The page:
By: Kaitlin Traynor
So, here we are. On the internet. Magical, isn’t it? An endless freefall of humanity and cats. More so cats. Much like our feline cyber lords, I’m curious by nature and wanted to know more about the nuts and bolts that go into this pseudo-ethereal realm we spend huge wads of time in.
(As an aside, this post features Ladies Learning Code, but surely Cats That Code exists? That progression just seems natural.)
Basically, coding is building things. Building stuff is cool and meaningful, amirite? Especially when it produces something useful which can be shared with others. Programming involves a lot of problem-solving and creative thinking. Skills that are relevant and applicable to everyday life, whether it be for your professional development or that incredibly specific hobby you’re into. Since we use it every day, it seems like a few basic programming pointers would be useful for many of us. That means all of the real life humans. Not cartoon hackers or brogrammer stereotypes.
Ladies Learning Code offers low-pressure forays into coding frontiers. As a not-for-profit organization, they give anyone the chance to learn more about programming. LLC has chapters across the country, but Toronto’s workshops happen at the Centre for Social Innovation. All the fresh-born coding babies are welcome. If you can send an email, you qualify. (If you cannot, how’d you get here weirdo?)
I attended a workshop called Intro to HTML & CSS event on October 9th. The room was full and the laptops were open. Our instructor told us that by the end of the day, we’d have built our first website. As she took us through the lesson, a string of mentors circulated to lend a hand. When I paused to survey the room, I noticed how it seemed like every participant was excited to be there. That energy and engagement continued throughout the day.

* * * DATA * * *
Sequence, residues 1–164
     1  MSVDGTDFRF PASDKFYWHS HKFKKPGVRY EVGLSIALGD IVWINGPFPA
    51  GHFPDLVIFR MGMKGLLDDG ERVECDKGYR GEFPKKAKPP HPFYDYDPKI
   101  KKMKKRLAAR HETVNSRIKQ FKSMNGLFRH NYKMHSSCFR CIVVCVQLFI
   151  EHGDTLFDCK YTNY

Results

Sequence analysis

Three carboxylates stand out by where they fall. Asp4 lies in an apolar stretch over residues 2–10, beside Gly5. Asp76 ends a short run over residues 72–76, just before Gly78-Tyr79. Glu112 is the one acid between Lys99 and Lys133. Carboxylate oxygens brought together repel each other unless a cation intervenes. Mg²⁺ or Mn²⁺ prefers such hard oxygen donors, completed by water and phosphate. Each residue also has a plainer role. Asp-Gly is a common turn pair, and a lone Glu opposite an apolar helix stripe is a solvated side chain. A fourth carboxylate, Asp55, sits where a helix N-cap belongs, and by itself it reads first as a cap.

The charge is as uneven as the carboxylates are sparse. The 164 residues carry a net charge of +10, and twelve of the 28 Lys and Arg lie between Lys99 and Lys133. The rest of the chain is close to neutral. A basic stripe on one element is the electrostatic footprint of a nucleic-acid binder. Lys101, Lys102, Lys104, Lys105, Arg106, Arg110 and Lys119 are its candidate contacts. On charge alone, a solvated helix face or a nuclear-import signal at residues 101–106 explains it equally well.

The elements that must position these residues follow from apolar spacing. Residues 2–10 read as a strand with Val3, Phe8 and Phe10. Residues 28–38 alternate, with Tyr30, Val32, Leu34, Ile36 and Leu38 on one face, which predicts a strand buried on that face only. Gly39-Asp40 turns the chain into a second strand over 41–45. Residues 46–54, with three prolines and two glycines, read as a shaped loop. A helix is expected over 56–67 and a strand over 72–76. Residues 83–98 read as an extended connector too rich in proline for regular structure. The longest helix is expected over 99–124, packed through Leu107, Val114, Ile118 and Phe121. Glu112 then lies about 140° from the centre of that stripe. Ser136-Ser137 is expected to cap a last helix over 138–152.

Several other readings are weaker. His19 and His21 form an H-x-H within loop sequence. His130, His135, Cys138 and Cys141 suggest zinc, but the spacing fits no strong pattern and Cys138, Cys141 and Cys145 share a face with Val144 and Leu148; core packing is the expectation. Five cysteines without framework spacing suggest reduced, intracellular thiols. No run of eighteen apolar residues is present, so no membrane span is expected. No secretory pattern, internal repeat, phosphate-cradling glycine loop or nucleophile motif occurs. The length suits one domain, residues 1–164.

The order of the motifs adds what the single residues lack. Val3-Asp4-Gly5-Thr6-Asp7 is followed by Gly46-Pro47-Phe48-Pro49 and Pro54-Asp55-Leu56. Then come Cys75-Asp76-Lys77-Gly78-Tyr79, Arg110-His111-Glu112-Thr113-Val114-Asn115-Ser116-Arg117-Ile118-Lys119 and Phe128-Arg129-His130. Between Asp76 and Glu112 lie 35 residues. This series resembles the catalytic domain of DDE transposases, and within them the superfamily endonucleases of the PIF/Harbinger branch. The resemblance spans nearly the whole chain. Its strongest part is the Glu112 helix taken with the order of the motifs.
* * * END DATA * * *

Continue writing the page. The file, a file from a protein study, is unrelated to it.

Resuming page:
When the workshop was over, I’d written a markup document and successfully built my own website. It was simple but it included sliding images and content and I was the one who made it. The direct result of what I’d learned was now a tangible thing and doing that didn’t even feel like work. The whole experience was enormously positive and I left wanting to try it again. I don’t know what I expected, but was surprised that writing code didn’t feel technical or robotic. Like any language, HTML and CSS are a form of expression.
Formal education starts with reading and writing. (Unless you have a raised by wolves in the wilderness back-story, in which case let’s hear it.)
We don’t learn to write in order to become professional writers, just as we don’t learn math to be career mathematicians. This is just the baseline stuff we need to functionally navigate society. Technical skills are an emerging form of literacy. Ladies Learning Code’s workshops send the message that anyone’s capable of taking part.